If you were a moody teenager on the Internet in 2012, you probably found yourself mouthing along to the words “Lordy, shorty you’re a 10” more than once. Accompanied by swaying production and a video straight out of a Lisa Frank daydream, the then-named Kitty Pryde (a riff off of the X-Men character; her real name is Kathryn-Leigh Beckwith) had music publications falling over themselves to declare her at the forefront of a genre of music dubbed “Tumblrwave.” Characterized by sing-songy delivery and sighing heart lyrics, “Okay Cupid” paved the way for Kitty’s first EP release, “Haha, I’m Sorry,” which also featured the Riff Raff collaboration “Orion’s Belt.”
But for the most part, that girl is gone. While Kitty (no more Pryde) retained her sparkly-eyed persona, she is no longer that head-over-heels hip-hop debutante. Having gone through a digital trial by fire from both “hardcore” genre fans and general internet trolls, Beckwith has scaled back her social media presence but tightened up her musical output, culminating in a double EP drop in 2014: first, impatiens in May and then FROSTBITE last week on November 18.
For more insight behind Kitty’s changes, we went straight to the source for some answers:
How have you seen your fan base change throughout the years, from “Okay Cupid” to now?[My fan base] used to be like, grown ups who were really into dissecting everything and writing wordy articles. Now, it’s mostly just kids like me — teens (I guess I’m not necessarily a TEEN anymore, but you know what I mean) who have a lot of feelings but still want to have fun.
What, if any, elements of your past musical style are you taking into your new one?
I have always been really into writing lyrics and I always make sure that everything I say in a song is coming from a real feeling in me. It sounds corny to say it that way but I think that’s why even though my new songs are SUPER different from my old ones, you can still (hopefully) hear my voice and get to know me through what I’m saying.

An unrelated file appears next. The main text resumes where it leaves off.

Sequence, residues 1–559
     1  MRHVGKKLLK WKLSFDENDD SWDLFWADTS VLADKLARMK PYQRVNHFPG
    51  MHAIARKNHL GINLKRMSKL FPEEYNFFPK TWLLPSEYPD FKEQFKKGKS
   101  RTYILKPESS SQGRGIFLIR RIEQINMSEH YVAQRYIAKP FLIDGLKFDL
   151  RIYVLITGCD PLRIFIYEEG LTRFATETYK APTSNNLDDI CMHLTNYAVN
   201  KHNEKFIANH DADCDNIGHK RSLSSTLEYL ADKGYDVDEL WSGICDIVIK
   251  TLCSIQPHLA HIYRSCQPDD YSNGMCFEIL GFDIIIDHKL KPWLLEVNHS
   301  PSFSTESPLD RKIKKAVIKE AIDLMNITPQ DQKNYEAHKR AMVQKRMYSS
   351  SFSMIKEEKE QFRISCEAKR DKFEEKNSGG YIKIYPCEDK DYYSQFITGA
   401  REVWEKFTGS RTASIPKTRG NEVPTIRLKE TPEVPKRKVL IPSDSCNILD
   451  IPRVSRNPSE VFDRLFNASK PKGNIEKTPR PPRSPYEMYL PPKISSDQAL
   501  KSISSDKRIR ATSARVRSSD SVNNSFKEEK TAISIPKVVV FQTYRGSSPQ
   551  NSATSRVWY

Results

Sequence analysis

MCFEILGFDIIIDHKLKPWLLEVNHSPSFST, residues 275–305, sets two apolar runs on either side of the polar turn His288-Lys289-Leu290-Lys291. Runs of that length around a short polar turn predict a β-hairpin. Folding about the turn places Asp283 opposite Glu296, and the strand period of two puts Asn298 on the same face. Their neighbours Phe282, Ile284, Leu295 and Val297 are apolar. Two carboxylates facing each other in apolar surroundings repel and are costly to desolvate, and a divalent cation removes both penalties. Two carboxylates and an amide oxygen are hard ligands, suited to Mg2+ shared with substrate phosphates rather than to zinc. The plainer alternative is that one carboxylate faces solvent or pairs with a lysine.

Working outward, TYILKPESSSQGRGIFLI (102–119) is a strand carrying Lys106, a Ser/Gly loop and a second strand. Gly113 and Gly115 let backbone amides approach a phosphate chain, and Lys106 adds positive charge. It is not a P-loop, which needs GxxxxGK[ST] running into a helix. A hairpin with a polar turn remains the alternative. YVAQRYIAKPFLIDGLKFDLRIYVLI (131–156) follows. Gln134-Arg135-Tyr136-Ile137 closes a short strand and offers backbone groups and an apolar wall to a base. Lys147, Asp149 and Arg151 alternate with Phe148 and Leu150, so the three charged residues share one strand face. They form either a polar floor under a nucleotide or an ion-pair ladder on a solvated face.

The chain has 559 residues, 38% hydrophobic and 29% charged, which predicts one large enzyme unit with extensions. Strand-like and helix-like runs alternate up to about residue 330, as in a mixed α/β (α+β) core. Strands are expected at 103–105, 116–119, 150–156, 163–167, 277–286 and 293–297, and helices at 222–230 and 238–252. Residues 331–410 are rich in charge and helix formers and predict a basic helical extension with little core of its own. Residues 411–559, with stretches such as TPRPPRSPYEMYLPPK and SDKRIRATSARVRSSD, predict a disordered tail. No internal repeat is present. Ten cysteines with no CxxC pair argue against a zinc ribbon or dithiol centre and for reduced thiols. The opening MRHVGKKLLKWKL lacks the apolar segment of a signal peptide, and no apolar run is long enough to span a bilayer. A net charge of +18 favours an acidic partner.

Who is your favorite female musical icon in any genre?
While FROSTBITE became available for download and streaming on Bandcamp immediately, its formal debut came in the form of an album “listening party” at the Roxy Theatre later that night. Despite its supposed purpose, the show was Kitty’s to curate, and she invited Lazerdisk, Chippy Nonstop and Dawn Golden to open for her.
The three opening acts wouldn’t seem to work on paper — Lazerdisk’s bouncy dance pop, Chippy Nonstop’s brash and fiery pop rap and Dawn Golden’s monolithic electronic soundscapes (interspersed with, of all things, “Ave Maria,” “Moonlight Sonata” and Howard Beale’s monologue from Network) should mix about as well as water and oil. But given the occasion, it came together well and when it came time for Kitty to come on, the crowd was raring to go.
But the momentum didn’t last. Opening with her remix of Chrome Sparks’s “Marijuana,” a thrashing, stage-hugging Kitty made it clear that she wasn’t just here to play her new EP and leave.
“✧ HOAXXX ✧” segued into “Brush It Off,” about rejection from a would-be bedfellow, and then the set abruptly ground to a halt. All of Kitty’s backing production cut out and left Beckwith, already a bit of a gun-shy performer, scrambling to fill the silence. Her solution: taking selfies with audience members and shouting out the venue, whose technicians scrambled to the stage to join Kitty’s crew in getting her back up. “How many men does it take to fix this?” she joked, even as she riffed on how she’d rather just end the show than go on after the break. (“I bet someone’s going to write about this on a blog” — ¯\_(ツ)_/¯)
And then suddenly, the show was alive again. Kitty rounded off the night with newer tunes like “BrB ( ˘ ³˘)❤” and “♡ SECOND LIFE ♡,” cavorting around the stage with a trio of dancers while laughing through her lyrical delivery, before capping it off with new single “Miss U” and the now-stalwart “Okay Cupid.” But when it came time to go, she scampered off the stage, a shoeless, disheveled mirror of her fans in the crowd.